Figure 9. Provision of beds for acute postnatal mental health admissions in England and Wales.

Figure 9

Provision of beds for acute postnatal mental health admissions in England and Wales.

Specialist perinatal community teams

Of the 21% of responding providers who disclosed that they had a specialist perinatal mental health team, the services of 42% were provided as part of comprehensive specialist perinatal services (including MBUs). The services of 32% were provided through community mental health teams and a further 21% provided through other services, such as liaison psychiatry or CAMHS (one provider failed to provide this information).

Team sizes vary considerably, reflecting both provision of local resources and span of responsibilities of individual teams. Over 60% of the teams had a size of 7 or more team members. The composition of the teams, although multidisciplinary, varied very considerably. For example, 20% of teams had no representation either from consultant psychiatrists or CPNs, 74% had no psychologist team member and 79% had no social work membership. It is not surprising therefore to learn that over 30% had limited or no access to prompt provision of specialist psychological treatments.

The population served also varied very considerably, with populations of between 4,000 and 12,000 live births. Most services saw themselves as directly providing specialist assessment and treatment for mild, moderate and severe mental disorders. However, it is worth noting that a significant number of services (over 70%), saw themselves as having no responsibility for women (in the postnatal period) who had alcohol or drug-related problems, personality disorder or eating disorders. Most accepted direct referrals and the majority also claimed to be able to provide rapid assessment (70% within 2 days). A number also had limited capacities to offer daily visiting at homes in times of crisis. The majority (over 80%) saw their trusts continuing to provide services for up to 1 year postnatally. A smaller number (50%) saw themselves providing preconceptual counselling to women who had significant mental health problems.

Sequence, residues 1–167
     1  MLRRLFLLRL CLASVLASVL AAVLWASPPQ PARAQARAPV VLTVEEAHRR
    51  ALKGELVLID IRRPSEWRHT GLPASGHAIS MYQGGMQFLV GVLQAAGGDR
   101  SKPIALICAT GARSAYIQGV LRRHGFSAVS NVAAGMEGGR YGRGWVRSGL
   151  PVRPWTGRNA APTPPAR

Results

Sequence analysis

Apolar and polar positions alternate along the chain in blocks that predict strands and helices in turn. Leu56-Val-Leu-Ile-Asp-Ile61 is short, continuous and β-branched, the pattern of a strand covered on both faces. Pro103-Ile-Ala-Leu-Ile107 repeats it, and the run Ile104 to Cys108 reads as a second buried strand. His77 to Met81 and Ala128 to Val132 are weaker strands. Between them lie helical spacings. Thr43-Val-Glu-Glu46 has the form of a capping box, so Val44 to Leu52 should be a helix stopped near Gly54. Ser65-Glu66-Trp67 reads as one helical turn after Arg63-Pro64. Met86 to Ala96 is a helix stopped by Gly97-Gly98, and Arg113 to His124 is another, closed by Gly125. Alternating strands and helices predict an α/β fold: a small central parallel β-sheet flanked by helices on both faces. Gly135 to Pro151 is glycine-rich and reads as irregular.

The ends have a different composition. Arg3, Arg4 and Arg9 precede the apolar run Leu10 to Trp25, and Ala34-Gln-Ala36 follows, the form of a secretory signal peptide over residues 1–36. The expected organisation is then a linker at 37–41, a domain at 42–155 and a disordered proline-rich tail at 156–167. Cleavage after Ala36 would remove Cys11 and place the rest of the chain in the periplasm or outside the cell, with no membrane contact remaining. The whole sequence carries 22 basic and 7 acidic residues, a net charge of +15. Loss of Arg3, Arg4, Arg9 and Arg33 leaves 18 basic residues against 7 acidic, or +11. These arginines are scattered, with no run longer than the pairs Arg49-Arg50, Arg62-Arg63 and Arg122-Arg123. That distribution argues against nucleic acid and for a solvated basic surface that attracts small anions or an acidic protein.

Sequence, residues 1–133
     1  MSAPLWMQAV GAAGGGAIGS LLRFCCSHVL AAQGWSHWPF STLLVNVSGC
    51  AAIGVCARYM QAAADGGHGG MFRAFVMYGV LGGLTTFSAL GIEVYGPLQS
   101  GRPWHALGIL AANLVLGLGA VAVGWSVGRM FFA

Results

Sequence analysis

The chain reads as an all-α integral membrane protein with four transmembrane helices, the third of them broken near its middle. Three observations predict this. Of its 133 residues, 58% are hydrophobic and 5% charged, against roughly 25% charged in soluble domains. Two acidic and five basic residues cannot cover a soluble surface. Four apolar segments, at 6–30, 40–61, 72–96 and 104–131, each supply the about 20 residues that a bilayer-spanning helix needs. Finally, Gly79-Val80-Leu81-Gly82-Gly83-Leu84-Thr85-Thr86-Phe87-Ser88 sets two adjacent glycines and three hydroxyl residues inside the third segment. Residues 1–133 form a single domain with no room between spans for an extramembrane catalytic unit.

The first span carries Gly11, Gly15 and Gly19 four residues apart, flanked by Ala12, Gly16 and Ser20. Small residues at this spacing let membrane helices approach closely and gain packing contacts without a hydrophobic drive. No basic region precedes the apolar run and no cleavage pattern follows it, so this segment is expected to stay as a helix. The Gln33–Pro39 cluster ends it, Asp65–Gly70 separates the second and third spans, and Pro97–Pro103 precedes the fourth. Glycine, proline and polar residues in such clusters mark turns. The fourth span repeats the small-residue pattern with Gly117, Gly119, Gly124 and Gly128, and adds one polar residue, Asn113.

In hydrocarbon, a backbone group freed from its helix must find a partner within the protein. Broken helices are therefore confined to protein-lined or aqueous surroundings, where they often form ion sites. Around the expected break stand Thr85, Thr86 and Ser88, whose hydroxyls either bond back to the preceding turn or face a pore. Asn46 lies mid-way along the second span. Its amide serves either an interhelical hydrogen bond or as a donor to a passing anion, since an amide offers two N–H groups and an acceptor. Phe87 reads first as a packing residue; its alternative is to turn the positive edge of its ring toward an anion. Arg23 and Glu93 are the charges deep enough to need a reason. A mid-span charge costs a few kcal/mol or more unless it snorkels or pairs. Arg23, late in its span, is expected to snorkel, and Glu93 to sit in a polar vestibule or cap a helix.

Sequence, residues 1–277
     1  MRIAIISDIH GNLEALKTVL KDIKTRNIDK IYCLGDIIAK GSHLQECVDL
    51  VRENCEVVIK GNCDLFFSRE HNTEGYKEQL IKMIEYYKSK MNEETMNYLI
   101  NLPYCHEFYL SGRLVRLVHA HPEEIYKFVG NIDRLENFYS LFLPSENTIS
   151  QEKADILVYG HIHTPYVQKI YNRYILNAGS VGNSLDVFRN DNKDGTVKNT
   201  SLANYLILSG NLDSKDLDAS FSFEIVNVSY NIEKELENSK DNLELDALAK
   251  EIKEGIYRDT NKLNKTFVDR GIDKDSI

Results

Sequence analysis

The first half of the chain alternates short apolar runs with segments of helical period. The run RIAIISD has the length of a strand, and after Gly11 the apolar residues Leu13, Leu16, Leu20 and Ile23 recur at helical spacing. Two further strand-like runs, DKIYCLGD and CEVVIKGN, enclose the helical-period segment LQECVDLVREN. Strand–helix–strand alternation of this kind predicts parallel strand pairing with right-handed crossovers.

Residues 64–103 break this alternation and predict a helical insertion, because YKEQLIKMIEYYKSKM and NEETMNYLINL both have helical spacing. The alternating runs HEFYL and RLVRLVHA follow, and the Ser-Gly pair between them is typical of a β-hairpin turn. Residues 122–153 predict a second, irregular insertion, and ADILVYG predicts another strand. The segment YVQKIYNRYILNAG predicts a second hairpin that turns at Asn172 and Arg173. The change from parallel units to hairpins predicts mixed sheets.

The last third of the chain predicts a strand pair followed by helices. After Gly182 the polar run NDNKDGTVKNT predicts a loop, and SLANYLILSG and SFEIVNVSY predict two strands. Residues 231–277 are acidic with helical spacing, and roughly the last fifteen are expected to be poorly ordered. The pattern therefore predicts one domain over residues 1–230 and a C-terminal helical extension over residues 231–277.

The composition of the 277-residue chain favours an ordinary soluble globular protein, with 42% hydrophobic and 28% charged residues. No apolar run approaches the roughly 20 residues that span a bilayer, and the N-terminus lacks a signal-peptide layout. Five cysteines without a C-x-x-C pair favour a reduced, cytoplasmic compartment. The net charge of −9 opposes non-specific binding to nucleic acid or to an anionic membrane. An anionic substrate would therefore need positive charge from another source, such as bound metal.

There is very patchy provision of specialist perinatal services, with the expertise concentrated in one or two areas. The distribution of services and their precise location also varies considerably.


Service functions and the structures to ensure their effective delivery should be based on an understanding of the nature of mental disorders and their epidemiology, which are summarised in Chapter 4. The number of live births in 2004 in England and Wales was 639,721 (Office for National Statistics, 2006), which is an average of 13 per 1,000, although the rate will vary considerably from area to area. A GP with an average-sized list (1,800 patients) may therefore expect somewhere between 15 and 27 live births on his or her list each year.

8.3.1. Common mental health disorders during pregnancy and the postnatal period

The epidemiology of perinatal disorder has been covered in Chapter 4; it is briefly considered again here, to give an indication of the likely need for services. As is apparent from Chapter 4, the epidemiology of antenatal and postnatal mental health disorders is not well understood and caution must be exercised in basing service structures on this data. Careful and critical analysis of this and other locally collected data must be used when developing local services.

Common mental health problems during the antenatal and postnatal period include depression and anxiety disorders, such as panic disorder, OCD and PTSD. An estimated 10% to 15% of women suffer from depression after the birth of an infant (Brockington, 1996; Nonacs & Cohen, 1998); in England and Wales this is between 64,000 and 94,000 women a year and is equivalent to between two and three women per year on the average GP list and 100 to 150 per 1,000 live births. Prevalence data for anxiety disorders during the perinatal period are not as reliable. The Office for National Statistics estimates that the prevalence of anxiety is around 4% of men and 5% of women (Office for National Statistics, 2006). This would mean that around 30,000 women giving birth per year are also likely to be suffering from anxiety, with two or three women per year on the average GP list (50 per 1,000 live births). A key role of maternity and primary care services in antenatal and postnatal mental healthcare is the identification of mental disorder. Prediction and detection of mental disorder is covered in Chapter 5.

It has been estimated that 50% of people with depression (that is, all those with depression, not just those with depression occurring in the postnatal period) are not identified (Williams et al., 1995). This means that around half of the 128 to 192 pregnant or postnatal women who develop depression per 100,000 population may present to primary care mental health services each year (that is, 50 to 75 per 1,000 live births). A similar or lower figure might reasonably be expected for anxiety disorders, with fewer disorders being identified than for depression.